I'd like to show these last two images. I just wanted to show you, what we don't see, what we used to see from Vietnam, but when you have a country that has suffered a nervous breakdown, and you send a poverty draft of soldiers there without due reason, this is what happens. It's Tal Afar; this is an iconic picture. 22. The Battle of Tal Afar, Iraq took place in September 2005. For copyright reasons, we cannot reproduce these photos, however, they are visible in the video of McGovern's speech, soon to be posted here It's early in the war. This little girl just was sitting on the backseat of her car, her mother and father were killed immediately by American soldiers who thought they were running up a blockade; and that's the blood of her parents. She lost, I think, four other siblings, and not only was she brutalized here, but take a look at that boot, that leg, what's happened to that young man? You know? And so the people we send off to these things, are brutalized just as badly as the young girl there. She was six years old. She did survive; she was the only one of her family to survive.
Now, I want to show you the next picture. Okay, now, we all rejoice in young children. These are two cousins who just had their little baby brother. That's what we should have in view for our country and for the world, not the first picture I showed. And so, it behooves us all to remember, to bring these pictures into our consciousness, and remember that just because people don't look like us, doesn't mean they aren't fully human and don't deserve the same treatment that we would wish for our children.
That's about all that I'd like to say, but I thank you very much for your attention.
Obama Administration Gives British Access to U.S. NSA Data Without Warrant
Further demonstrating what EIR has long reported—that the U.S. NSA operates as part of the British Empire's global program—newly-released British government documents show that British authorities can tap into bulk communications data collected by other countries' intelligence services, including the NSA, without a warrant. The agreement between the NSA and Britain's GCHQ — reported in the Guardian and other US and UK media — potentially puts the Internet and phone data of Americans in British hands without legal oversight, under conditions when obtaining a warrant is "not technically feasible."
While it is unclear how long this has been going on, one of the documents disclosed references a 2013 UK Intelligence Services Committee statement, indicating that this program has been active under the Obama Administration.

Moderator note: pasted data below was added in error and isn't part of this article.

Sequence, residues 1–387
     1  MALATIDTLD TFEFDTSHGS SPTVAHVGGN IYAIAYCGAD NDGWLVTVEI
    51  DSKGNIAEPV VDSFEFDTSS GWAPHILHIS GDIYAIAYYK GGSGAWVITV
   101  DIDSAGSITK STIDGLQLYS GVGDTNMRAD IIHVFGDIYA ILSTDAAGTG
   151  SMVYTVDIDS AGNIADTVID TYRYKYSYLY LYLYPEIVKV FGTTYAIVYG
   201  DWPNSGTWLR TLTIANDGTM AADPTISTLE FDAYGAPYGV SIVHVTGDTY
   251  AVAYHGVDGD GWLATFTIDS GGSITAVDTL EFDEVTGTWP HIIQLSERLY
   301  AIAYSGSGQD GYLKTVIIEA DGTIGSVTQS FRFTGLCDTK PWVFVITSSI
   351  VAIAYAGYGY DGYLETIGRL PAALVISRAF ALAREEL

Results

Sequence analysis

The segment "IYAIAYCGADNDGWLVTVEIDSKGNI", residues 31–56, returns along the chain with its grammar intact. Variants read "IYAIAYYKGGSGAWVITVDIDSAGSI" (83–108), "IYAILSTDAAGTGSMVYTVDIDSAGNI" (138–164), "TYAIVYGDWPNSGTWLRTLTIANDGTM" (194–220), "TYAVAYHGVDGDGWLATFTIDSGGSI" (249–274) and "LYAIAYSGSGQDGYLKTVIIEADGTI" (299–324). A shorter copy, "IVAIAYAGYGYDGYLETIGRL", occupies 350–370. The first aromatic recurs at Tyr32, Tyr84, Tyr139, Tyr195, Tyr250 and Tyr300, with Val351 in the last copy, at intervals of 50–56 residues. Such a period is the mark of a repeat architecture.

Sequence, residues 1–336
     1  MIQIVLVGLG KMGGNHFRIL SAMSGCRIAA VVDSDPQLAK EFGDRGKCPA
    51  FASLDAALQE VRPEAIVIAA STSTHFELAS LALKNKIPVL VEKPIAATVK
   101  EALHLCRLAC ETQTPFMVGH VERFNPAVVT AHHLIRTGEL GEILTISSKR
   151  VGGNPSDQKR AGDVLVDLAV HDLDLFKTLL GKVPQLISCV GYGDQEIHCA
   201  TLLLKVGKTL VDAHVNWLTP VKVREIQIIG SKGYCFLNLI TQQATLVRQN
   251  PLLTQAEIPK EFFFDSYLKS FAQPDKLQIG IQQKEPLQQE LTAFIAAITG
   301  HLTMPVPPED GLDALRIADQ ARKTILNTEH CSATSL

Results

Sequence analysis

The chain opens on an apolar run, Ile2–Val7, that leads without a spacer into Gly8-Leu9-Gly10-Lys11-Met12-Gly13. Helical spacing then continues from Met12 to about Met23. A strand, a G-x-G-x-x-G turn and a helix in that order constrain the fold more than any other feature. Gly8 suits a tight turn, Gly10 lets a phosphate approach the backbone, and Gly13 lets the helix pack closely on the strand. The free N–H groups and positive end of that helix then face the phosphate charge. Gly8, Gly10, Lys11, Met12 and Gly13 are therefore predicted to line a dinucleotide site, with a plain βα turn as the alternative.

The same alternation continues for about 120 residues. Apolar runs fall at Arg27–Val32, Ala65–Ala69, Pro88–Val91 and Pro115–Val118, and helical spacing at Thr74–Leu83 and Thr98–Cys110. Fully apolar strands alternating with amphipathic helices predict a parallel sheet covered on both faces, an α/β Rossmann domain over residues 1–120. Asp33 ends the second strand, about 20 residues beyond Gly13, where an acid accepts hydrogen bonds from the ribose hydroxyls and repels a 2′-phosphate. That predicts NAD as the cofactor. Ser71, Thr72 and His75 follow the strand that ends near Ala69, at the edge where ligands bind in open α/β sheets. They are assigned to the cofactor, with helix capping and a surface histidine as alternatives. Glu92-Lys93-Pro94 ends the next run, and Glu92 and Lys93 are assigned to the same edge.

GCHQ was forced to reveal that it can request and receive vast quantities of raw, unanalyzed data collected from foreign governments, during legal proceedings in a suit challenging GCHQ's surveillance practices, brought by various international human-rights organizations, including Privacy International, Liberty U.K., and Amnesty International.
This is the first time the British government has disclosed that it does not need a warrant to access data collected by the NSA, and gives the lie to earlier denials of this by both U.S. and British officials. This practice has been suspected for decades, but has always been denied.
"The 'arrangement' disclosed today suggests that the two countries are circumventing even the very weak safeguards that have been put in place," Jameel Jaffer, deputy legal director of the American Civil Liberties Union, said in a statement to National Journal.
"It underscores both the inadequacy of existing oversight structures and the pressing need for [surveillance] reform."
New Laura Poitras Film CITIZENFOUR Details Beginning of Snowden Story, Points to Future Leaks
Friday saw the release of CITIZENFOUR, a film by Laura Poitras, which takes its name from Snowden's alias when he first communicated with her. The film gives some backstory on the San Francisco AT&T spying case and denials by the intelligence community that they were exceeding the law.
We then see the initial meetings in Hong Kong between Snowden, Greenwald, and Poitras, and the first release of material from his archive, giving more insight to Snowden himself, and his motivation to be a person who can be proud of how he has lived and what he has done. The reactions to the stories, both in the US and internationally are covered. The film ends with a few clues about future reporting. One is that Jeremy Scahill has at least one other independent source inside the government, who provided the figure of 1.2 million people on various government watchlists, a detailed chain of command for drone strikes (leading directly to the POTUS), and the nugget that all drone strikes are controlled via Rammstein air force base in Germany. Those were the only particular non-Snowden-archive specifics in this film which treats Snowden as an individual whistleblower, the importance of the turnkey dictatorship he revealed, and the growing ferment among others to make similar personal decisions.
To those who hadn't followed the story that closely, the film provides a good overview, and to those already familiar with the details, it adds emotional depth and a personal intimacy